Ballarat stroke victim urges community to know the signs

Janet Kennedy. Picture: Kate Healy

Janet Kennedy. Picture: Kate Healy

When Janet Kennedy suffered a stroke at the age of 42, her entire world changed. 

The former English and drama teacher was on holidays on the New South Wales coast when it happened.

“I went to get a newspaper and when I went up to the counter my right hand couldn’t take the change,” Ms Kennedy said. 

“I didn’t think it was a big deal, but as I was walking back to the caravan it felt like my leg was going backwards.”

Her partner at the time made her write out her name and when all she could produce was a squiggle, he called an ambulance.

Unable to fly, Ms Kennedy was transported to hospital in Canberra by car.

The diagnosis came as a complete shock. 

“I didn’t smoke, I hardly ever drank, and I wasn’t overweight,” Ms Kennedy said.

“The doctor said there was no reason why I’d had the stroke but it can happen to anyone.”

She spent about six weeks in a wheelchair before learning to walk with an aid, while it took two years of voice training with a speech pathologist to learn how to talk again.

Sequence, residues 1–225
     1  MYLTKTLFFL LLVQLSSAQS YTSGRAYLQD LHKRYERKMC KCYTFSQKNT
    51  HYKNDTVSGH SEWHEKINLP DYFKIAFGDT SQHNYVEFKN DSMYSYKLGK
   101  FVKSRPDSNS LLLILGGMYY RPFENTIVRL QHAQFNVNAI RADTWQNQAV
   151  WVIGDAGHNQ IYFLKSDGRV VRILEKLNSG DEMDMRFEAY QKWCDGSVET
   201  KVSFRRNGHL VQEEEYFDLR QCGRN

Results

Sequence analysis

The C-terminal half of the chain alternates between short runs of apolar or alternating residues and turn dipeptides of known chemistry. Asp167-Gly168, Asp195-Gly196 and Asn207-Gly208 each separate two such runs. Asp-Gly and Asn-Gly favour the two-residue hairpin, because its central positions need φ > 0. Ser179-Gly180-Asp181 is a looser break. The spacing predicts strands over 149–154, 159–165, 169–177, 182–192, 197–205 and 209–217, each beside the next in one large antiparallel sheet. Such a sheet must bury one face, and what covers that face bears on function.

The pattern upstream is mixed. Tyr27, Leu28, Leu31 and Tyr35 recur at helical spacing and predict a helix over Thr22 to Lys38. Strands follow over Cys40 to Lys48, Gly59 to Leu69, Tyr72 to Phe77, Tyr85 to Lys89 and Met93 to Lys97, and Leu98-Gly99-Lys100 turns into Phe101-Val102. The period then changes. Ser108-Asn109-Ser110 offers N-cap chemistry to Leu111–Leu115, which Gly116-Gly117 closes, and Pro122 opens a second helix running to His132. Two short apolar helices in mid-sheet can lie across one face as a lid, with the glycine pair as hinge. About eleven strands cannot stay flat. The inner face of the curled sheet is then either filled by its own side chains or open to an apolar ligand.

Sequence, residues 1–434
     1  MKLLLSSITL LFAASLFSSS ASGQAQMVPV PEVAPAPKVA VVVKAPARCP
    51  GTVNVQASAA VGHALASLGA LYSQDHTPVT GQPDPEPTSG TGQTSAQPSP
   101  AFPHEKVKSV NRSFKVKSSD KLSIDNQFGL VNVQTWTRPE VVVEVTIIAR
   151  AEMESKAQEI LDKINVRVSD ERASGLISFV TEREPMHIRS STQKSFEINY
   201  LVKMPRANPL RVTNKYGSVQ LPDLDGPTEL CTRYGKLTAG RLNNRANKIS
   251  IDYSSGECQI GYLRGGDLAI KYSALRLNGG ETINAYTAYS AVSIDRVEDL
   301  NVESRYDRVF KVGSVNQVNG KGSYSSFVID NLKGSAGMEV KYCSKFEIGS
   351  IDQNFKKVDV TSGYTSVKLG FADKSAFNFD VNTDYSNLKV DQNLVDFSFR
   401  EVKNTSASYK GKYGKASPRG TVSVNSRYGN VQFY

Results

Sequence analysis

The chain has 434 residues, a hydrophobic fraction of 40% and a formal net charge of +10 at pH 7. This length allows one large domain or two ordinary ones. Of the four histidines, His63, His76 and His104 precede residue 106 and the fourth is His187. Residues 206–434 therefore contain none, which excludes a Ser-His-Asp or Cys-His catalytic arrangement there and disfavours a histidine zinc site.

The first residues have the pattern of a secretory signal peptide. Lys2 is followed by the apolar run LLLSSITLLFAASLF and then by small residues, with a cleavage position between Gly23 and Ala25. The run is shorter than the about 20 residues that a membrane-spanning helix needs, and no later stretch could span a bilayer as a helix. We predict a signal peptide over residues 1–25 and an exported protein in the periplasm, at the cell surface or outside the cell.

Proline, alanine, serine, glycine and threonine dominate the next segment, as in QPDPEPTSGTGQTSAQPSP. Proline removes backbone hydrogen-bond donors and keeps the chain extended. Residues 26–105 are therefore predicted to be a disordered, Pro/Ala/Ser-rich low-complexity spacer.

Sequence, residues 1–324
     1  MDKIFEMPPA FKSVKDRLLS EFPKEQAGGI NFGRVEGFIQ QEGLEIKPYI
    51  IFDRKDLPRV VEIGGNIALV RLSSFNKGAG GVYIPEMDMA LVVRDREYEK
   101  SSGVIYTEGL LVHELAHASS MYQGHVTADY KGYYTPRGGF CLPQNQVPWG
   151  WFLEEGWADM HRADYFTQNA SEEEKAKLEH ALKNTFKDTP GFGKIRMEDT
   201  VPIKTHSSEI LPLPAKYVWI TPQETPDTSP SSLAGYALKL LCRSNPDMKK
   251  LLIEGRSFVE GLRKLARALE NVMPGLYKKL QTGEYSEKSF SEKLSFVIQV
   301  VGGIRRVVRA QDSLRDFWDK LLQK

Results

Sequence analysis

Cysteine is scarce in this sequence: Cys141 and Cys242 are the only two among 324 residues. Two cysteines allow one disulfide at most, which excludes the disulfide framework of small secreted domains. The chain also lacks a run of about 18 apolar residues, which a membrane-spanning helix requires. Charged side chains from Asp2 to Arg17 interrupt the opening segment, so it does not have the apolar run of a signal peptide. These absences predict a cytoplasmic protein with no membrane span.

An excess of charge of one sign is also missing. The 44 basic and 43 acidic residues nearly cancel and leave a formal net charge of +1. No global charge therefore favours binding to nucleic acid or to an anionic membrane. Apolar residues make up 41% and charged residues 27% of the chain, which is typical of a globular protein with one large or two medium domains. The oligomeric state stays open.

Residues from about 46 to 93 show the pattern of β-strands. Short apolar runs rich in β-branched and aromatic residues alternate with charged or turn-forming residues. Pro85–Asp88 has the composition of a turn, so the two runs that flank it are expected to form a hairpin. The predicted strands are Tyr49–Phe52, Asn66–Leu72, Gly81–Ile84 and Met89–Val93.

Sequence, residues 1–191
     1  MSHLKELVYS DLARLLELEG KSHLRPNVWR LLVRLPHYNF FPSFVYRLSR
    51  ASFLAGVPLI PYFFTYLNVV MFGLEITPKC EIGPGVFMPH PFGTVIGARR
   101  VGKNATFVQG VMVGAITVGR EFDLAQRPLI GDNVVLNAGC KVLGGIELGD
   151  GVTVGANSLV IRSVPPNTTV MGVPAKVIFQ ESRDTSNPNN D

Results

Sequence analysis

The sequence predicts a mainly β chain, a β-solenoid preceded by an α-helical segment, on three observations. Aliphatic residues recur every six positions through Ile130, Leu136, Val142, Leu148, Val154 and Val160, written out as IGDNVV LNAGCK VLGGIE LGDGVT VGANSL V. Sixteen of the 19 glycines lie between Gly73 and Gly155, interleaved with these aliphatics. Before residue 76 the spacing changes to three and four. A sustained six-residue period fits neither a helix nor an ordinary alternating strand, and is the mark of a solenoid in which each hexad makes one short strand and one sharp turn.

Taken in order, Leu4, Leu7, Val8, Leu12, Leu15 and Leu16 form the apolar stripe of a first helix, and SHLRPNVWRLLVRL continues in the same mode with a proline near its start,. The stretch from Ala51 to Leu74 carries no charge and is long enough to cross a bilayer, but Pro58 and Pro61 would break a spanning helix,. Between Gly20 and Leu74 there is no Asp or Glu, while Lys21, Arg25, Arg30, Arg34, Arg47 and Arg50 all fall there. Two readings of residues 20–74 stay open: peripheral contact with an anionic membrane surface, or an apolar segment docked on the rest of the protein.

But having lost movement in her right arm and leg, Ms Kennedy still has trouble with daily chores such as cooking and housework.

Unable to return to work because of her disabilities, she said at her lowest she would find herself thinking, ‘What is the point?’

But in her role as Stroke Foundation volunteer and StrokeSafe ambassador, Ms Kennedy’s said her life had started to improve.

She now provides talks to community groups covering the definition of a stroke, her personal experience and how it can be prevented. 

Ms Kennedy said the disease touched many lives, with more than 376 strokes expected in Ballarat this year. 

But many people still did not know what to look out for.

A simple way to recognise the signs of stroke is to remember the word FAST.

Face – has their mouth dropped?

Arms – are they able to lift them?

Speech – is it slurred?

Time – is critical, call triple zero straight away.

Stroke Foundation chief executive officer Sharon McGowan said ambassadors played an important role in working towards stroke awareness and prevention. 

“Ambassadors provide first-hand accounts of their experience of stroke and insight into how a stroke can impact lives and families – these talks are really powerful,” she said.

To arrange a stroke prevention talk contact 1300 194 196 or book online at strokefoundation.org.au